Any attempt to change the plan would create an almighty war between the states and the Federal Government, a backlash from environmentalists, and unleashing of legal action from current holders of water rights.

Yet both environmentalists and irrigators have remained sceptical about the benefits of the Plan and the associated water market ever since it was first developed.

Many farmers believe that environmental flows are unfairly being prioritised, while there is manipulation by companies and traders (so-called water squatters) who take advantage of the “water market” to capture water.

Mr McCormack’s promise of action comes after WaterNSW issued grim figures about dwindling supply from dams and rivers in the central west of NSW, with residents in some towns already forced to start trucking in their drinking and showering water at a cost of several hundred dollars a month.

The reality though is that there is currently zero allocations for farmers and zero allocations for environmental flows in the upper river system because there is no water.

There is still water in the Murray, but it belongs to Victoria, yet farmers in northern Victoria and irrigator groups are warning that the main dairy production industry of the Southern Basin faces extinction within months.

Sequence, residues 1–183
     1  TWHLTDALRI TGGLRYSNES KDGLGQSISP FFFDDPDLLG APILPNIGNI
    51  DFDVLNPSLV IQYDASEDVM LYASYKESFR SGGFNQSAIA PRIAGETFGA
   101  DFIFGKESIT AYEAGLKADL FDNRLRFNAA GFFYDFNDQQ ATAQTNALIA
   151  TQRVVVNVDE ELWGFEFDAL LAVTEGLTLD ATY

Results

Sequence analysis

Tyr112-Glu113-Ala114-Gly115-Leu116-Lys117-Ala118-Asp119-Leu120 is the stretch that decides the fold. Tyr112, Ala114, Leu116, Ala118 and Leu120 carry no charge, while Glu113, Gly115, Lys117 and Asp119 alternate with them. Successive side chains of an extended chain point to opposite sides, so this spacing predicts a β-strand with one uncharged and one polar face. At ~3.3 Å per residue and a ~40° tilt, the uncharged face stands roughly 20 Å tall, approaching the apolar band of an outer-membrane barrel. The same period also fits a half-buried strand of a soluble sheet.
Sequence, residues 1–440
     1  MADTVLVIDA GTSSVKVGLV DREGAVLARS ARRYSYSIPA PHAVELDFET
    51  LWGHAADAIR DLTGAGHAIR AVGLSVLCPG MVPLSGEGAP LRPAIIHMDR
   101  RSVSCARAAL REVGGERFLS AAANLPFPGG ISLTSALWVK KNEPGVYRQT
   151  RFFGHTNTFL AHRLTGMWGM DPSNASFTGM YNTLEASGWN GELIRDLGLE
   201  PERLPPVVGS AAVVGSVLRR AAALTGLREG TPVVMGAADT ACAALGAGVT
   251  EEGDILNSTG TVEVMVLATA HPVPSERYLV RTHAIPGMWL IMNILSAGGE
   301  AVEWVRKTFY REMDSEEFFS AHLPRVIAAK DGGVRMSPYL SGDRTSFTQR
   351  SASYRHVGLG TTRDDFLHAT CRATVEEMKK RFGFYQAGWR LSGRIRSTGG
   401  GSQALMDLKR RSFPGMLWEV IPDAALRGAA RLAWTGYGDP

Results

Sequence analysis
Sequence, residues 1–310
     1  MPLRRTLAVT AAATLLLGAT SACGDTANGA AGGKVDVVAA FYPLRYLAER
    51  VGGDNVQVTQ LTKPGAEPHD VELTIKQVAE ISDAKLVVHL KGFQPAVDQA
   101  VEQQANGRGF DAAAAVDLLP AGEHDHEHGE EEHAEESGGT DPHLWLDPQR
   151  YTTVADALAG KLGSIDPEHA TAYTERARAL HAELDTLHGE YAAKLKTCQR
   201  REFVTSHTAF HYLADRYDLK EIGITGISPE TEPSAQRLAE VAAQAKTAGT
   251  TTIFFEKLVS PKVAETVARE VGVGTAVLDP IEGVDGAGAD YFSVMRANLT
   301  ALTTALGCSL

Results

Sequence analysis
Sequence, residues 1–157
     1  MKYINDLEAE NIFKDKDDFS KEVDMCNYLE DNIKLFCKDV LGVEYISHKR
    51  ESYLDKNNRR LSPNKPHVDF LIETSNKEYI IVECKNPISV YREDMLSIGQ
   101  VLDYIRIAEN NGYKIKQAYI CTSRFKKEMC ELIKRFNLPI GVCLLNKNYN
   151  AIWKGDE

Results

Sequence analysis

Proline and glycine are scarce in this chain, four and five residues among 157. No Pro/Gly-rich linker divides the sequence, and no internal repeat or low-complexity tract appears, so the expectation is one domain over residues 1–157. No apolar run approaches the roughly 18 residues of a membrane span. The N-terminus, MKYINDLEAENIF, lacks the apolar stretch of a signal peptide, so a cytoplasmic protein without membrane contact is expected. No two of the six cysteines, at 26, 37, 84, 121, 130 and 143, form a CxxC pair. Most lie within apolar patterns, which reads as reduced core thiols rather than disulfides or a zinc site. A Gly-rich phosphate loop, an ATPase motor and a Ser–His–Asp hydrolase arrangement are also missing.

Mr McCormack believes that a new water infrastructure body (the National Water Grid Authority) due to begin operation in October will not only have the “imprimatur” to cut through the bureaucracy that stymies projects, but will also act as a circuit-breaker to deliver more dams.

The National Water Grid Authority will help fund the infrastructure needed to increase the capacity, connectivity and resilience to drought of Australia’s water storage and supply infrastructure.

It is a worthy step, but it is likely that more immediate action will have to be taken to deal with the crisis.

Nor does it acknowledge the elephant in the room: the gigalitres of water that farmers and their communities watch flow past on their way to “flush” Lake Alexandrina and Lake Albert of salt water at the Murray mouth in the face of the 2018 CSIRO scientific report by Professor Peter Gell that finds that the lake has for thousands of years been naturally a saltwater estuarine lake system.

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Last Modified:
April 4, 2018, 6:45 pm